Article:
The objective of this study was to determine the interrelationships of Heterodera glycines races based on their resistance to soybean (Glycine max) cultivars and lines against which they were tested. Greenhouse tests determined the numbers of females of each of eight races of H. glycines that developed on 277 to 522 soybean cultivars and lines. A Female Index (number of females on a test cultivar as a percentage of the number on 'Lee 74') was calculated and used in frequency distributions, correlations, and duster analyses of the resistance reactions to the different races in an attempt to determine relationships among cultivars. Frequency distribution patterns of all cultivars and lines tested against each race were skewed in favor of resistance, and in some cases bimodality was observed. The majority of correlations between pairs of races were highly significant. Cluster analyses based on the correlations divided eight races into four clusters that explained 73% of the variation in resistance. Cluster 1 was comprised of races 2, 4, and 14; Cluster 2 was comprised of races 6 and 9; Cluster 3 was comprised of races 1 and 3; and Cluster 4 was comprised of race 5. The information obtained in this study could increase the efficiency of testing resistant soybean breeding lines for resistance to H. glycines.
Cluster analysis; Glycine max; Heterodera glycines; nematode; resistance; soybean; soybean cyst nematode; virulence group
The effects of 22 pesticides on the mycelial growth and pathogenicity of the biocontrol fungus ARFI8 to Heterodera glycines were tested in vitro. The chemicals were added to agar at 10, 100, and 1,000 ppm a.i.; a block of agar containing the fungus was added to each test concentration; and fungal growth was measured. Subsequently, a block of the fungus on the pesticide-containing agar was used to determine the ability of the fungus to parasitize eggs of H. glycines. Aldicarb, bentazone, and chlorothalonil had little or no effect on fungal growth, whereas benomyl and thiophanate methyl completely inhibited growth of the fungus at 10 ppm. The relative insensitivity of ARF18 to certain pesticides would permit selected use of those pesticides with ARF18 in an integrated control program if the effects on the fungus in the field are similar to results from petri dish studies.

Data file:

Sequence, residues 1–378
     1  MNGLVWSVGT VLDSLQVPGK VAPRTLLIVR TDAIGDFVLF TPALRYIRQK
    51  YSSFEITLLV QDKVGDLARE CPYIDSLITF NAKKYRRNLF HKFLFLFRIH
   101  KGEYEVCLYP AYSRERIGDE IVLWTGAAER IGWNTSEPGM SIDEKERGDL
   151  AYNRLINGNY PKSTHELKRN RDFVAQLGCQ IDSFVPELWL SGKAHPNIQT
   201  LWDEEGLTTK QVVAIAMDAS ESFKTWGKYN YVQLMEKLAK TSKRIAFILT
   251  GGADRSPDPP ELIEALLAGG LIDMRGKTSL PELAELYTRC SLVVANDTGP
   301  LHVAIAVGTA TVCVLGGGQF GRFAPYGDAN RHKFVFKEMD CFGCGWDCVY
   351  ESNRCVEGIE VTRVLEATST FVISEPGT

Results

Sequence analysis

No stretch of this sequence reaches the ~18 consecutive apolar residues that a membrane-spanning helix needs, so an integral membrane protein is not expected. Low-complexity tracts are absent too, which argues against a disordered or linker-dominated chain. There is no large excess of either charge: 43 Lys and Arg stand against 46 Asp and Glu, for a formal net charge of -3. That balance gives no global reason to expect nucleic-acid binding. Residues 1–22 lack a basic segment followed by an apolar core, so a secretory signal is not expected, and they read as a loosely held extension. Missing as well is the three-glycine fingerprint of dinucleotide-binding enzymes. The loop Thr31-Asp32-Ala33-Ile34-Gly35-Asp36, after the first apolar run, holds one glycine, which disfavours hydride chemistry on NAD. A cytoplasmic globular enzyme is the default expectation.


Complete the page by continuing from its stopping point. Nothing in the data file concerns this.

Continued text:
aldicarb; ARF18; benomyl; bentazone; biocontrol fungus; biological control; chemical pesticides; chlorothalonil; Heterodera glycines; nematophagous fungus; pesticide; soybean cyst nematode; thiophanate methyl
A total of 62 populations of Heterodera glycines were collected in 10 states along the Mississippi and Missouri rivers, and 206 populations were collected in Arkansas. Among the 62 populations, races 2, 3, 4, 5, 6, 9, and 14 were found south of 37°N latitude, and races 1 and 3 were found north of 37°N latitude. In Arkansas samples, races 2, 4, 5, 6, 9, and 14 comprised 87% of the populations. In both groups of samples, H. glycines populations with genes that enabled the population to parasitize cv. Pickett occurred the most frequently, followed by those with genes for parasitism of cv. Peking, then PI88.788, and the fewest with genes for parasitism of PI90.763. The diversity of races in this study raises questions about the effectiveness of race-specific cultivars for the management of soybean cyst nematodes. The greater diversity of races of H. glycines in the southern United States may be because of a longer history of planting resistant cultivars.
breeding; geographic distribution; Glycine max; Heterodera glycines; race; resistance; soybean; soybean cyst nematode
Experiments to determine the effects of extraction techniques and the influence of shipping on extraction of Heterodera glycines life stages gave variable results. Shipping did not significantly affect numbers of nematodes extracted. More second-stage juveniles (J2) were extracted with Baermann funnels than with an elutriator, probably because incubation of encysted eggs on the Baermann funnel for 1 week allowed hatching to occur. Sieving was more efficient than elutriation for extracting cysts. Adding air agitation to the water pressure during elutriation increased extraction efficiency of cysts but not J2. Sample sizes of 250 cm³ and 500 cm³ did not influence extraction efficiency of cysts; however, sample size did influence extraction of J2.
Baennann funnel; centrifugal flotation; cyst; egg; elutriation; extraction; Heterodera glycines; methods; nematode; second-stage juvenile; shipping; soybean cyst nematode